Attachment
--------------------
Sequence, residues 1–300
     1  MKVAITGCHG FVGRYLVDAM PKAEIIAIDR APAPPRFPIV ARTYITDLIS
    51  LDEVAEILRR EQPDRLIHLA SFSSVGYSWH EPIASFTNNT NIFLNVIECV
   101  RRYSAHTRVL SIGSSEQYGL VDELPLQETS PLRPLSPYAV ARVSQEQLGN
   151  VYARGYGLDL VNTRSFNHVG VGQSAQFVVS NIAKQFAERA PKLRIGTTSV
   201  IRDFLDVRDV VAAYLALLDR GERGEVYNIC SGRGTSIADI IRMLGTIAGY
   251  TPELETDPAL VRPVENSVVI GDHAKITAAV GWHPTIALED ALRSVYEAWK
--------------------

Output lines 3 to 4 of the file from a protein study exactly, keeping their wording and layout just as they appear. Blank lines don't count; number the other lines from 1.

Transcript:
    51  LDEVAEILRR EQPDRLIHLA SFSSVGYSWH EPIASFTNNT NIFLNVIECV
   101  RRYSAHTRVL SIGSSEQYGL VDELPLQETS PLRPLSPYAV ARVSQEQLGN